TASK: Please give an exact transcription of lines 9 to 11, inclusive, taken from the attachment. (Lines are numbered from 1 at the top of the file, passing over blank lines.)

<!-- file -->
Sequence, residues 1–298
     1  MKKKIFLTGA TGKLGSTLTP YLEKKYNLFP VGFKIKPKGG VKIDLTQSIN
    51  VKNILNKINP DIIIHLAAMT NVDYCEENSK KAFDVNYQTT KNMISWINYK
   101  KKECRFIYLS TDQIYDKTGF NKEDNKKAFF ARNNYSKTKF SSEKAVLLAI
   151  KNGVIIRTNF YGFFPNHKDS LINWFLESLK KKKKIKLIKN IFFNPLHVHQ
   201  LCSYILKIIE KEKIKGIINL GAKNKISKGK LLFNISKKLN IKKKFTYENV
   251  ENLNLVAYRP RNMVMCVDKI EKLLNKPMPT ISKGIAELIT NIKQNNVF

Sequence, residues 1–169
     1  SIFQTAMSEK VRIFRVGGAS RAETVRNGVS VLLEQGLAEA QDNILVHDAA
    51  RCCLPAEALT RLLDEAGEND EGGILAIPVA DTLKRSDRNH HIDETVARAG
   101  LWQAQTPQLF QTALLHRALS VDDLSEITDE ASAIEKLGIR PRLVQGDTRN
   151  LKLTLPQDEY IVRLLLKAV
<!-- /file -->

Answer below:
     1  SIFQTAMSEK VRIFRVGGAS RAETVRNGVS VLLEQGLAEA QDNILVHDAA
    51  RCCLPAEALT RLLDEAGEND EGGILAIPVA DTLKRSDRNH HIDETVARAG
   101  LWQAQTPQLF QTALLHRALS VDDLSEITDE ASAIEKLGIR PRLVQGDTRN